Life and Death by Tarale Wolffe

The music played. The soft melody could only dimly be heard from the next room. The people in the lounge wanted the music more than the conversation. Those in the restaurant wanted conversation more than the music, but even with the wall between them, some hint of the melodies filtered through. It was a pleasant background to the lulls in the room. The lights were brighter than the lounge, but still dim, made to promote intimacy and privacy.

Those who came to Elysian didn't come to be seen. They didn't come to see. They came to meet with someone. They came to have a good time.

All through the room couples and small groups huddled over tables, intent on their conversation. Most of them barely spared the effort to glance up when anyone came by. So engrossed were they by their companions, they had no ability to notice anyone else.

One table held only a single female. Anywhere else, she'd have been flooded by invitations and unsolicited offers. Her table would be filled with drinks as men–and women–breathlessly awaited her decision. Anywhere else, she'd have stood out for her long blond hair; her slender form encompassed by the long, form fitting gown of the palest blue. Here, her solitude marked her as different.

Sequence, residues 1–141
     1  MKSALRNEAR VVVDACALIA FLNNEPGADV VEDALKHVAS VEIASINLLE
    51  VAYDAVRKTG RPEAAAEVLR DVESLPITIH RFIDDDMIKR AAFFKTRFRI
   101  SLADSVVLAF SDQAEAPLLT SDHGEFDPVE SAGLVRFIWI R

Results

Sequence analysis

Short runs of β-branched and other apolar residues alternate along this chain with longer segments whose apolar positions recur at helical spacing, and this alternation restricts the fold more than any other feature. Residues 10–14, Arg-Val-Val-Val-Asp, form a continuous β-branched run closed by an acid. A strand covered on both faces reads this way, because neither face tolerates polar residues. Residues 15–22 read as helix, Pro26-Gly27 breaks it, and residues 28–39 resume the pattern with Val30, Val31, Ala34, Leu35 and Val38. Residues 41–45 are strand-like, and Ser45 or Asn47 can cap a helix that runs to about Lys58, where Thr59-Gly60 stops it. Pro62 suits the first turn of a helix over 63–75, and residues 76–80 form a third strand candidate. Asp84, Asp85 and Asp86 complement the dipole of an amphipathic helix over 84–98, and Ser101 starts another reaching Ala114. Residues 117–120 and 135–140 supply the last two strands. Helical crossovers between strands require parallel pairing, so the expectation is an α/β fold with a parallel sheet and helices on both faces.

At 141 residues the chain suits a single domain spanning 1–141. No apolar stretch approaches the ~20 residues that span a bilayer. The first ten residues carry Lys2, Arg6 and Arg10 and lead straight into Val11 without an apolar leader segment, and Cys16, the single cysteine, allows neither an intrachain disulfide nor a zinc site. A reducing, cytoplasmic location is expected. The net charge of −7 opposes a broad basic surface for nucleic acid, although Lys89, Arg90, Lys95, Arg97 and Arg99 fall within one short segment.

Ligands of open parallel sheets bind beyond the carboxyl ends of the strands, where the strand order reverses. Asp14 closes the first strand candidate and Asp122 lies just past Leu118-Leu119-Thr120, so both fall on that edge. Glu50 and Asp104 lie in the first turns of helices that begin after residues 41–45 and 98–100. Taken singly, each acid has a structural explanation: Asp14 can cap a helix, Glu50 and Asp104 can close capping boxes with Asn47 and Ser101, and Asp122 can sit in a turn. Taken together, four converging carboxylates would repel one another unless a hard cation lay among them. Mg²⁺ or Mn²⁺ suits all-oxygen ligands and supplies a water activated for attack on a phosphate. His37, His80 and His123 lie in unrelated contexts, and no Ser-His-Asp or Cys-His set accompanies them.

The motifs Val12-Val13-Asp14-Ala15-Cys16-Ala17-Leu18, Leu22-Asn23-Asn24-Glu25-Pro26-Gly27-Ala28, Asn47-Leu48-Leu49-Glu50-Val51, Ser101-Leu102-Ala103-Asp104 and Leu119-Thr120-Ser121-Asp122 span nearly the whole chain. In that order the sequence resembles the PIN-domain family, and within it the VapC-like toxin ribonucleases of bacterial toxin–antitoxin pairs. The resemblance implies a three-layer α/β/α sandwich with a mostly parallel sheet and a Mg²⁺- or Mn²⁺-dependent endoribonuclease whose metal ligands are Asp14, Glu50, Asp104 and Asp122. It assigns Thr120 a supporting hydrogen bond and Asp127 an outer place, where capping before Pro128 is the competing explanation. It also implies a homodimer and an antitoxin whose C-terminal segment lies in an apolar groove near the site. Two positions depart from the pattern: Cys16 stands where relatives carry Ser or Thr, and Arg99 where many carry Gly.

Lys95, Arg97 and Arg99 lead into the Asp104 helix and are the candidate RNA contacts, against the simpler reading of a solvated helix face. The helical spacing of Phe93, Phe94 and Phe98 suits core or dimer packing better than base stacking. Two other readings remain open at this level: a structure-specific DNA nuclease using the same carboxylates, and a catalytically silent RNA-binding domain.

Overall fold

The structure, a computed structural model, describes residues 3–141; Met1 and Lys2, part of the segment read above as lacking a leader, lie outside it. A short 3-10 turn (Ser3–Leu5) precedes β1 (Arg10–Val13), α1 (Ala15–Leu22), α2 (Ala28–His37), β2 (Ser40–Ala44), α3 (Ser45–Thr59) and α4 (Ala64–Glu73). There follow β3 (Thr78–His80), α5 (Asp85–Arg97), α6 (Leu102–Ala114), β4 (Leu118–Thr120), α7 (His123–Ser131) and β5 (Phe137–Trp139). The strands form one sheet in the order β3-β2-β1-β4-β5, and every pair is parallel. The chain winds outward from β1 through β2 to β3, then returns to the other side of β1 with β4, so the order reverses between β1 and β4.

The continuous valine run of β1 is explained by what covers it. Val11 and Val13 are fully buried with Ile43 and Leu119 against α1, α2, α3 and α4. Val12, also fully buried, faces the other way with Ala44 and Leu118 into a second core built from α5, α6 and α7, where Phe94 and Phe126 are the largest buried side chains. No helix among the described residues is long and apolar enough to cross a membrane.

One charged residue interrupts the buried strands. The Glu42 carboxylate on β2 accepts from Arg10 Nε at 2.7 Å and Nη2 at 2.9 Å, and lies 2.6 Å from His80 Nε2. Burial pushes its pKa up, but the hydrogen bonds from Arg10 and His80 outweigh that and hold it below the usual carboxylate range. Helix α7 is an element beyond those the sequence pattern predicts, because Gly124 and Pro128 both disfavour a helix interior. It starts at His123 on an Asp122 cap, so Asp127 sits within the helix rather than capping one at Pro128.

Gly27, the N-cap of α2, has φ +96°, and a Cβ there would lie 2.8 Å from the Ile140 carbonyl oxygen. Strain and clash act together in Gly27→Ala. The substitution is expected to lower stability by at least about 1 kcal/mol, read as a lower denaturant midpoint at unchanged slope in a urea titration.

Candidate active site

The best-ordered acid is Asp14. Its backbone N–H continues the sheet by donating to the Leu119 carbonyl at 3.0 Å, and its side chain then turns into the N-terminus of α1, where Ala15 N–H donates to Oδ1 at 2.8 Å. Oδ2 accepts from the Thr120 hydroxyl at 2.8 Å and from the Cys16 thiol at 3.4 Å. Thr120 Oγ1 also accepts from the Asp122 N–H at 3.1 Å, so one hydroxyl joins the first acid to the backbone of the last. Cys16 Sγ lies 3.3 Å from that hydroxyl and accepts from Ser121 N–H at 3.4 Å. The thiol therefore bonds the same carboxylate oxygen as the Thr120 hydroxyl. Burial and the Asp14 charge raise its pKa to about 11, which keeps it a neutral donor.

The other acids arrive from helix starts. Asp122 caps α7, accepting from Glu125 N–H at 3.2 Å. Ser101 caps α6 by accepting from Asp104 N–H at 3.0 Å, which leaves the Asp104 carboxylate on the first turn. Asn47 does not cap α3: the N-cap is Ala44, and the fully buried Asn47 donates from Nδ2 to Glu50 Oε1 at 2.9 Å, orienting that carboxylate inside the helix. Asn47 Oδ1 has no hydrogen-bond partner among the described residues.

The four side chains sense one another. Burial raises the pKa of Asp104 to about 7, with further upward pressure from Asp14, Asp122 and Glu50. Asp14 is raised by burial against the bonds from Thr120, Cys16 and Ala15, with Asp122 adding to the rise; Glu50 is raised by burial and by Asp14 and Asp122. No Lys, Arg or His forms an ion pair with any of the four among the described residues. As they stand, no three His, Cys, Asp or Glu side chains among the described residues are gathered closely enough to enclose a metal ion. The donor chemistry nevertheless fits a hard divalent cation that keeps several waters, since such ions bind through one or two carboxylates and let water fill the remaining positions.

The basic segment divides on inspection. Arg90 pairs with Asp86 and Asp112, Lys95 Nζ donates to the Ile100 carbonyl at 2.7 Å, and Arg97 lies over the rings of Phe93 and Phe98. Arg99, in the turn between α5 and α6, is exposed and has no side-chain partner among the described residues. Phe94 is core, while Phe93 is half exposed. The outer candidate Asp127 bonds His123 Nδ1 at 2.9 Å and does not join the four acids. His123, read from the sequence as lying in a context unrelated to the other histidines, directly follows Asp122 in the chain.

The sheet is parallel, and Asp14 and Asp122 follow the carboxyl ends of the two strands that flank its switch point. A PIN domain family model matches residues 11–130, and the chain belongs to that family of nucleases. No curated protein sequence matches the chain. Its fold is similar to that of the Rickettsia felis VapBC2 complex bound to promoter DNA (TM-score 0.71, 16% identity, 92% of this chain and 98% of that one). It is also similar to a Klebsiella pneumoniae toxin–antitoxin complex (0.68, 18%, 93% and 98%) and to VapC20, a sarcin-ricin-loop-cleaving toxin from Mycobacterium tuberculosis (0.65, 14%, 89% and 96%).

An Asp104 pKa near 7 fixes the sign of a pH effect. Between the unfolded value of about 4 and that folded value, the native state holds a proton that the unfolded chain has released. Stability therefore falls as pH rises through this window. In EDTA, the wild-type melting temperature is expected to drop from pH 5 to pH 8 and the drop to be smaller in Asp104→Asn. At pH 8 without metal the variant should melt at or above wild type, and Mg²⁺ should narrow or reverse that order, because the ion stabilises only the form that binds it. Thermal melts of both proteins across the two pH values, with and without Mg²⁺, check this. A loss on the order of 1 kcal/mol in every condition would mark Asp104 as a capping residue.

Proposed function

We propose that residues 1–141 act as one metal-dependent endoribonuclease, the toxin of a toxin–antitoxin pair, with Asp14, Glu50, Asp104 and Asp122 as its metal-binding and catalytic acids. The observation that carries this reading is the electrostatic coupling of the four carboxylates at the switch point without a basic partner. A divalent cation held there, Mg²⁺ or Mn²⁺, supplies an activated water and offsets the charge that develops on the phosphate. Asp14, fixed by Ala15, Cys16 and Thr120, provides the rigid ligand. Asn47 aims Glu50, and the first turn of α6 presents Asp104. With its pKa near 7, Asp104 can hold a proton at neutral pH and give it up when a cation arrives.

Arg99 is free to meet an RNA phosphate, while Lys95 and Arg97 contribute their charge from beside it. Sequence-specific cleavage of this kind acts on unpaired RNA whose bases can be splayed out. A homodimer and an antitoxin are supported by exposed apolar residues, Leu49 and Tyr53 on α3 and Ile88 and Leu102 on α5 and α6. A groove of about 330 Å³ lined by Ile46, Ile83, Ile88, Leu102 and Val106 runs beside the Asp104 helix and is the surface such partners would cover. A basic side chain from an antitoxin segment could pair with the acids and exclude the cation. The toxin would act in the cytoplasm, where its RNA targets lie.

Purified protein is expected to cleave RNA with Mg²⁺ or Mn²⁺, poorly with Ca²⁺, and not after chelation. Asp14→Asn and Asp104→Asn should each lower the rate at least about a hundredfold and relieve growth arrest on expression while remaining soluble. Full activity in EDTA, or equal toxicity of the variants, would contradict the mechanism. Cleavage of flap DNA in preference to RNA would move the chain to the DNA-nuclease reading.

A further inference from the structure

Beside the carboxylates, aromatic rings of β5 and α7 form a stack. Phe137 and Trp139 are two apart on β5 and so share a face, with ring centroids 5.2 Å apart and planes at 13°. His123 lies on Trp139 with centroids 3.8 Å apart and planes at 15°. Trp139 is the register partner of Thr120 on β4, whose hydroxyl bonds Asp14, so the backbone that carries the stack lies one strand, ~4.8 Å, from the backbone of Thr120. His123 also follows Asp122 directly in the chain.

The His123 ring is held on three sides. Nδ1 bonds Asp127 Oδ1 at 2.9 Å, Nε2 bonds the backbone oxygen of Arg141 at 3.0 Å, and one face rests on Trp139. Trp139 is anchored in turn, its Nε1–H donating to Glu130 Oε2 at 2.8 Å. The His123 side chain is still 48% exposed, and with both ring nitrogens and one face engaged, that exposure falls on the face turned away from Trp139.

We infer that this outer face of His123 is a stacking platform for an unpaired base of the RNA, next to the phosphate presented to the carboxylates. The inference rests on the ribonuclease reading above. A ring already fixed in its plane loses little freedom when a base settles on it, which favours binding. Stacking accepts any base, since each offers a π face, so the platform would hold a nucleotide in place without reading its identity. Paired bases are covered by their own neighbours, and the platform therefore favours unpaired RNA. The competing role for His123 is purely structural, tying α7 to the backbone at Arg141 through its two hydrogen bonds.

Her arms crossed on the table before her, eyes focused on the spot before her. She never looked up. Anytime a waiter came by, she waved them off with an elegantly raised hand. She waited for something. Had been waiting for over an hour. Several of the staff eyed her in sympathy, believing her stood up.

The lounge music swelled as the door opened. It swung closed behind a man, tall and pale with dark hair. He wore a suit of black. He arrived alone. He stood at the door, silently, unmoving, his head turning to take in the dimly lit room. When he began moving, it was toward the woman, who still didn't look up.

As he arrived, his shadow–what there was of it– fell over the woman, but she didn't look up.

"The last time I danced with Death, I stepped on his toes."